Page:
– The frequency of the offense (The first offense should be treated far differently than the tenth)
– The context of the moment (Was your child just following the social norm, or was your child leading the group- never is this an excuse, but just something to take into consideration. A child may know not to do something, but if everyone else in the room is doing it, they might be confused if they are 3 and just figuring out their worlds).
– The overall characterization of behavior (Is this the only behavior, or is it part of a larger pattern of behavior that needs addressing? Is it a symptom of a bigger problem?)
– The need for balance (Too harsh a punishment will cause a power struggle and lead to little learning, but too lenient will fall short of correction). Find what works for your family and be consistent.
Law 4: An Offense Against a Person or Property Requires and Apology
In our house, we require apologies. I know this is not the norm of today, but we have found that this is something we want to require of our children. Just as we require please and thank you to be said, we require apologies. Not only an “I’m sorry”, but an “I’m sorry for ___”. When our daughter was 2 we’d help her in this process. We’d identify the behavior she’d need to apologize for. Then we started asking if she could identify it. Now, at 3, she does it all on her own without any prompting.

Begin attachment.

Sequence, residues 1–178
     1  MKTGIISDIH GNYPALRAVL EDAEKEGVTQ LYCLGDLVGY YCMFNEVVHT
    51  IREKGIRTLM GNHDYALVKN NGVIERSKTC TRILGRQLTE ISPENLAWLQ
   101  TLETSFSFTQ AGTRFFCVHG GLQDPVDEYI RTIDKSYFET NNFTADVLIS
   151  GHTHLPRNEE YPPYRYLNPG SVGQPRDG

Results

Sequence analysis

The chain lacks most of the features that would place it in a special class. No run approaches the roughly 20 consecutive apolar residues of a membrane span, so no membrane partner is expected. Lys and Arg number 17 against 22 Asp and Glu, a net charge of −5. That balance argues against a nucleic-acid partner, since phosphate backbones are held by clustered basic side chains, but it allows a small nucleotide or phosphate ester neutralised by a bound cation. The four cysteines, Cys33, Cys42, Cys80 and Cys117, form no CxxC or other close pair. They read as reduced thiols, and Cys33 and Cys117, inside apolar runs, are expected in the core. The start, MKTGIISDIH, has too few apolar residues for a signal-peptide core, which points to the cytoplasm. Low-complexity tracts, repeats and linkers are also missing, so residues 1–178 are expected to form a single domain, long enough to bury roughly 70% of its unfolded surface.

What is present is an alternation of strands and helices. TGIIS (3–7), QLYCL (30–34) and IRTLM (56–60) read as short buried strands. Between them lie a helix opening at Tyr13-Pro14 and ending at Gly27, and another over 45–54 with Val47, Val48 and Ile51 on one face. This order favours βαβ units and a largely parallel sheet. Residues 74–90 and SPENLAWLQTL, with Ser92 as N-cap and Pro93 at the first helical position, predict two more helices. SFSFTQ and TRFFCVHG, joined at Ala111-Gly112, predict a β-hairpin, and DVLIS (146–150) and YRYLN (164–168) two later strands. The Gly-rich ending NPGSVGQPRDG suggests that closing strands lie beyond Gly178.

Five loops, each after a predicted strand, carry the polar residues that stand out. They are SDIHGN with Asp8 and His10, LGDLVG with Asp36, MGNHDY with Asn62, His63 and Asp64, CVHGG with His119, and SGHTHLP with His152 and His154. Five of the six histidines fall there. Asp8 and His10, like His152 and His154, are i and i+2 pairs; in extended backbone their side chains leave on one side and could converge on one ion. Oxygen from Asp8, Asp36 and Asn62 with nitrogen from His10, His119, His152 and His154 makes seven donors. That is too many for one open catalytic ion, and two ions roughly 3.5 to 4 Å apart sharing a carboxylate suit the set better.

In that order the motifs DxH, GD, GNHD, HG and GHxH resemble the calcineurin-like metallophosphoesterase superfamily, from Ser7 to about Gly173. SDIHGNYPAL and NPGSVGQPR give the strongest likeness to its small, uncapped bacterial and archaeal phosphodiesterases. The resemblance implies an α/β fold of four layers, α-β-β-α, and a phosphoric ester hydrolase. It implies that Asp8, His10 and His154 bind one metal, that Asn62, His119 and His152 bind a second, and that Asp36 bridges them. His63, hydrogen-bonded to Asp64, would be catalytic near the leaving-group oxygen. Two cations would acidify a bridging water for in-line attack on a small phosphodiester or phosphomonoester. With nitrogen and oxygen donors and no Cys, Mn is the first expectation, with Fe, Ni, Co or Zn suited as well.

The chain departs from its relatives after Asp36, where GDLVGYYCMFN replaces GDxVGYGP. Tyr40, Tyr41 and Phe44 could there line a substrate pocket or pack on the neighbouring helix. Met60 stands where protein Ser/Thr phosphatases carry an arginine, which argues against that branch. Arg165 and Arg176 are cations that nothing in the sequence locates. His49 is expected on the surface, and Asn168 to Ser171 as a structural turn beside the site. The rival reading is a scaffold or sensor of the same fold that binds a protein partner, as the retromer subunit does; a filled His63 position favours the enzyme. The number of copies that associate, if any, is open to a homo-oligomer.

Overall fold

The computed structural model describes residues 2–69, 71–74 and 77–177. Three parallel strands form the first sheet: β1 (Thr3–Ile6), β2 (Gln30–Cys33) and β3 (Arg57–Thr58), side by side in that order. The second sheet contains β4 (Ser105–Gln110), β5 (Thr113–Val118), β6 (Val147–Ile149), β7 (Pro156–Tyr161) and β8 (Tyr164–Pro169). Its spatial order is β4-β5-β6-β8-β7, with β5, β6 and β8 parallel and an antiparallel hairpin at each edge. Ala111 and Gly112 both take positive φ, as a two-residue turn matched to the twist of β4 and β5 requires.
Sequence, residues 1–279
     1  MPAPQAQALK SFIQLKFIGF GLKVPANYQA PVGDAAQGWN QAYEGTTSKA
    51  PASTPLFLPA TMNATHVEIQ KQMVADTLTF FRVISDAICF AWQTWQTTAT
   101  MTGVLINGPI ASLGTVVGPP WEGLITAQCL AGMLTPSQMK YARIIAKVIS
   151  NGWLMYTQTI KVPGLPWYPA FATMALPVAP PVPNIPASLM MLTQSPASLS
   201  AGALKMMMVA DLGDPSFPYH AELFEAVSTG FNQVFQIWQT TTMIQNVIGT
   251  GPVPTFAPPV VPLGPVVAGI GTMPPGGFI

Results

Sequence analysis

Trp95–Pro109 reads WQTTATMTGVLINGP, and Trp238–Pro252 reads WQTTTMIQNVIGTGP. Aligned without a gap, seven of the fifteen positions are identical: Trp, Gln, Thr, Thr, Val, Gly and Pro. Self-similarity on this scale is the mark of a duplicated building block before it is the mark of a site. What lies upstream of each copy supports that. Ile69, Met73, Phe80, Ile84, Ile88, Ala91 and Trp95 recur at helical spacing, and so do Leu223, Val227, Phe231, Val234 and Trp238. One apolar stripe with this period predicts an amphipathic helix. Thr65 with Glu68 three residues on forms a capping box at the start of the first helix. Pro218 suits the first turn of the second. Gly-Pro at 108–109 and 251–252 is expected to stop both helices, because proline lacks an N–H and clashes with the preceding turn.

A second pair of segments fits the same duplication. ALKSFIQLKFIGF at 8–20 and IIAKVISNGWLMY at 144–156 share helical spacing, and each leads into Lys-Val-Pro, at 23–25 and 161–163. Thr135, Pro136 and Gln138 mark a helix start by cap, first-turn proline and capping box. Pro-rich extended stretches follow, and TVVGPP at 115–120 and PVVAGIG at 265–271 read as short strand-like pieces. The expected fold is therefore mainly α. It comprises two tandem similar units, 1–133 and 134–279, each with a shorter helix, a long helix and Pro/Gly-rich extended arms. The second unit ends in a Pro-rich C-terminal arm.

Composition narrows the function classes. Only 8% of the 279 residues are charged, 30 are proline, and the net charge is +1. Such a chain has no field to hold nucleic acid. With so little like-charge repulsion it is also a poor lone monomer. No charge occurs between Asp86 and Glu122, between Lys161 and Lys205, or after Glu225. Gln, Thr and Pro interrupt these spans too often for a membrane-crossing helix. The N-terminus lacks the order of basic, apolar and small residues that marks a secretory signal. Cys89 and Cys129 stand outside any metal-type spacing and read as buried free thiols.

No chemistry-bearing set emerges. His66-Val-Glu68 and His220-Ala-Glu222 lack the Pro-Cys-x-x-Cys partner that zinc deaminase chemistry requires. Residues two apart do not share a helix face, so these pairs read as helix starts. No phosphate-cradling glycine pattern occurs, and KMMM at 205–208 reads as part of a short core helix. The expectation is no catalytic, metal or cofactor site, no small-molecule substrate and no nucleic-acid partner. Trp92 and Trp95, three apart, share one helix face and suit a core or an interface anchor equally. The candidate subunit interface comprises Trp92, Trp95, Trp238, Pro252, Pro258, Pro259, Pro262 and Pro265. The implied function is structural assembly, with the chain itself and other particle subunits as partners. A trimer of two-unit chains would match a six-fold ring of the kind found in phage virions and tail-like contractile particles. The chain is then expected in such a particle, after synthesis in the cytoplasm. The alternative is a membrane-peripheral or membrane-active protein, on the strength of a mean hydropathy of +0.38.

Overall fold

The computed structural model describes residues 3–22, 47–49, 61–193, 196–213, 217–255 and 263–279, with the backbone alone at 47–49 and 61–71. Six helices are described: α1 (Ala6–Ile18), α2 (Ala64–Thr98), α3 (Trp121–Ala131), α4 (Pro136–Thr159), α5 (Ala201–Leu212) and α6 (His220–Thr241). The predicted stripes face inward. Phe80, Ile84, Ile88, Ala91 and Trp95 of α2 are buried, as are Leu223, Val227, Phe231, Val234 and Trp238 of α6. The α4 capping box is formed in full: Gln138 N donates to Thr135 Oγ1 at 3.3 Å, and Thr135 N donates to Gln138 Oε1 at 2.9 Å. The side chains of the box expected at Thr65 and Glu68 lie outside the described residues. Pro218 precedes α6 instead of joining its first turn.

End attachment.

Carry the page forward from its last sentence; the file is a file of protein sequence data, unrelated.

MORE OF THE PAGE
The Preschoolwise book also suggests asking for forgiveness, and I have to say I really love this idea. Requiring a “deeper commitment, that of seeking forgiveness”. (pg 163) Ezzo even mentions to try this with your marriage. The next time you have an argument with your spouse, seek forgiveness instead of just saying I’m sorry. “Will you forgive me for ___?” Seems like quite the world changer to me!
This chapter has SO many wonderful things to take into consideration. I’d highly recommend taking a look at the Preschoolwise book. Not only does it expand on these sections above, it then goes into some specific correction methods. These books are just packed full of useful information, far beyond that of just schedules and sleep.
Other Posts of Interest
Behaviors I “Go to the Mat” For– 4 Behaviors You Shouldn’t Ignore
Knowing and Teaching the Final Desired Expectation
6 Methods of Correction- Toddlerwise
4 Things You Need to Know about Disciplining Toddlers